Socca, pronounced soh-kuh, is a menu staple at the Good King Tavern, our cozy French bistro in Philadelphia’s Bella Vista neighborhood. A savory pancake made from chickpea flour, socca is a traditional Niçoise street food. Just as you’ll find crêpes in Paris, you’ll find socca served at Nice’s buzzing street stands, often alongside other local delicacies like pissaladière and barbajuans. Like crepes, socca is made by cooking batter in a pan: in this case, chickpea batter is ladled onto a massive, piping hot copper pan that is then thrown into a wood-fired oven. Once its edges are browned and its center has bubbled and firmed, the socca is scraped from the pan without form or fashion. Salty, crispy, creamy shards of it are traditionally served wrapped up in a paper cone; at the Good King, we serve it sliced on a wooden board with accoutrements inspired by old family recipes. One of my favorites is ratatouille.
To me, ratatouille tastes like home: a pique-nique-style lunch on the terrace as we find pause and peace from the hot Provençal sun, passing a plate of pâté, tearing a hunk of fresh baguette, pouring a canon of wine. While seemingly simple, the process of making ratatouille is, like most French food, a labor of love (and a whole lot of olive oil). It acknowledges and respects the integrity of each singular vegetable before marrying them all in a lush Mediterranean mélange. Don’t be afraid to make it ahead of time — we French believe the longer the vegetables marinate, the more their flavors intensify, not unlike a decanted bottle of Nicolas Joly chenin dancing with oxygen across time.
At the restaurant, our approach to serving socca could be described as casual-chic: it’s street food-meets-pique-nique. Together, the socca and the ratatouille have the power to take you there, to a place somewhere between the winding streets of Nice and a table in a Provençal family home.
Socca and Ratatouille
For the ratatouille:
1 medium eggplant, cut into ½ to 1-inch chunks
2 teaspoons salt, plus more for seasoning
7 tablespoons olive oil, divided
3 medium tomatoes, cored and chopped
2 medium onions, chopped
6-8 garlic cloves, finely chopped
3 small-medium zucchini, cut into ½ to 1-inch chunks
2 teaspoons herbs de Provence
Freshly ground black pepper
Fresh basil, for garnish (optional)
For the socca:
1 cup (115 g) chickpea flour
¾ teaspoon salt
½ teaspoon fresh ground black pepper
2 ½ tablespoons olive oil, plus about 2 tablespoons more for greasing the pan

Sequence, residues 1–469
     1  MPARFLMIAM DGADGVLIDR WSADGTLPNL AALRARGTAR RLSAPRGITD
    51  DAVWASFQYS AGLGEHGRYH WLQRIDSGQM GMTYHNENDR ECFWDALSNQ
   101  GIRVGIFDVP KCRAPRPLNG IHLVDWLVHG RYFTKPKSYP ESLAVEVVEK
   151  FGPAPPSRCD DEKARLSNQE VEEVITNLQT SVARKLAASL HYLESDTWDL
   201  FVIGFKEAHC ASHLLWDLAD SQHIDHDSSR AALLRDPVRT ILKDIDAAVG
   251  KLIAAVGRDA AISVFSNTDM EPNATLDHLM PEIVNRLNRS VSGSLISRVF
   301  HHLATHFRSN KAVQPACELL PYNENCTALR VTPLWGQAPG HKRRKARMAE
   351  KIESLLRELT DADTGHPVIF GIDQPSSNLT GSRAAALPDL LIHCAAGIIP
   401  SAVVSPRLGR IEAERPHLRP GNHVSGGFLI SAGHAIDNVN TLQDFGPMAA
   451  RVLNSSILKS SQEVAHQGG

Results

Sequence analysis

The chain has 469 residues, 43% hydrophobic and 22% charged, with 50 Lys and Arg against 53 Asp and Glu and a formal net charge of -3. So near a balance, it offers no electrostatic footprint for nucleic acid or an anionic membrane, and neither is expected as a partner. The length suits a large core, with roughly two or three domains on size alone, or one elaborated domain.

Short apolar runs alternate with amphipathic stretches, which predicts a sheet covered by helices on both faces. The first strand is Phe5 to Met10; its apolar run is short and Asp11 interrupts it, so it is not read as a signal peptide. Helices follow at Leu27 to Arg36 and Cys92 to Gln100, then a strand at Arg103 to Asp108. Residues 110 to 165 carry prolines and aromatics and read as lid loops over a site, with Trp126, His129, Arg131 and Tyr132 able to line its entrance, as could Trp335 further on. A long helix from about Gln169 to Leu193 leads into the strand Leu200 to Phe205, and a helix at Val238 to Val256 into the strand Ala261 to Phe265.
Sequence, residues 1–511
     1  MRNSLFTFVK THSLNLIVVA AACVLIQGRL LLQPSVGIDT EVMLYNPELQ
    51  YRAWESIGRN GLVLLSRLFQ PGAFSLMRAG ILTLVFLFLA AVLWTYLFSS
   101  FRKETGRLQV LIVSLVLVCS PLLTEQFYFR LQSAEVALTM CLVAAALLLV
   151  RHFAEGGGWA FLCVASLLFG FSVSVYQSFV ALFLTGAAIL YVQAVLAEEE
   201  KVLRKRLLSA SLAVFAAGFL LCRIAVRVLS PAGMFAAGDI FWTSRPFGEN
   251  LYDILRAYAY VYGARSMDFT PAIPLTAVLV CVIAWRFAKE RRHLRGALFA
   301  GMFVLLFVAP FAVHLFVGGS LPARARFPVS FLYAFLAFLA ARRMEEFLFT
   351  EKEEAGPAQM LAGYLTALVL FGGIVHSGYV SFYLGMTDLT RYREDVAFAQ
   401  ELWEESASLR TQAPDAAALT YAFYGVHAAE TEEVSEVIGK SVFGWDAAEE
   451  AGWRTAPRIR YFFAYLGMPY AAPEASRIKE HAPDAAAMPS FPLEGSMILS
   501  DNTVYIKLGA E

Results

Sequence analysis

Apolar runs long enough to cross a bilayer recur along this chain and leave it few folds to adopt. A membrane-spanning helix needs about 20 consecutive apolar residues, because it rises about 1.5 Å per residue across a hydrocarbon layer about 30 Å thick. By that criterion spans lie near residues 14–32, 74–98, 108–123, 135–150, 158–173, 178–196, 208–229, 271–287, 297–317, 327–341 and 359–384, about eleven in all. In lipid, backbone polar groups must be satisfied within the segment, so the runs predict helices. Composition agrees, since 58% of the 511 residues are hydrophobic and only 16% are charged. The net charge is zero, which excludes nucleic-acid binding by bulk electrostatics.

1 cup plus 2 tablespoons (273 g) water
First, make the ratatouille:
Step 1: In a medium bowl, toss the eggplant with 2 teaspoons salt. Set aside for 15 minutes, then use a paper towel to wipe off the salt, pressing lightly to absorb excess moisture.
Step 2: While the eggplant sits, heat 3 tablespoons of olive oil in a large saute pan over medium heat. Add the tomatoes, onions, and garlic and cook until the tomatoes have broken down and the onions are tender, 15 minutes. As the vegetables simmer, season them with salt to taste. Once they’re cooked, transfer them to a Dutch oven.
Step 3: Using the same sate pan, heat 2 tablespoons of olive oil over medium heat. When the oil is shimmering, add the zucchini and a pinch of salt. Reduce the heat to medium-low and cook until the zucchini is softened but not mushy, 8 minutes. Transfer to the Dutch oven. Add another 2 tablespoons of olive oil to the saute pan. Once it’s shimmering, add the eggplant and saute over medium-high heat, stirring frequently until golden brown, 4 minutes. (If needed, you can add a bit more oil to prevent sticking.) Transfer the eggplant to the Dutch oven with the other vegetables.
Step 4: Add the herbs de Provence, a couple more pinches of salt, and a few twists of freshly ground pepper to the vegetables and stir to combine. Cover and simmer over low heat, stirring occasionally, until the vegetables are very soft and the flavors have melded, 1 to 1 1/2 hours, depending on how soft you prefer your vegetables. Once they’re cooked, add more salt and pepper to taste. If you’d like, you can garnish the finished ratatouille with fresh basil. Voilà.
Next, make the socca:
Step 1: Preheat the oven to 500 degrees, or preheat the broiler with an oven rack 4 inches below the element.
Step 2: Put the chickpea flour, salt, and pepper in a medium bowl and whisk to combine. Gradually whisk in the water, and then the 2 ½ tablespoons olive oil, whisking until thoroughly combined. Alternatively, you can blend the batter in a blender.
Step 3: Coat a 12-inch oven-safe non-stick pan with the remaining 2 tablespoons of olive oil and place over high heat. When the olive oil begins to shimmer, pour the batter into the pan. Immediately lower the heat to medium-low and cook through until the batter is dry and firm when touched, about 5 minutes. Transfer the pan to the oven and continue to cook until the top starts looking browned and crispy, 4-5 minutes. Remove the socca from the oven and cut it into wedges. Enjoy it all by itself or with your choice of seasonal salad or stewed deliciousness (ahem, ratatouille).
Philadelphia-based Chloé Grigri is the co-owner and wine director of the Good King Tavern and the James Beard-nominated wine bar Le Caveau.
Dina Ávila is a photographer in Portland, Oregon.
Recipe tested by Ivy ManningInternet Explorer Channel Network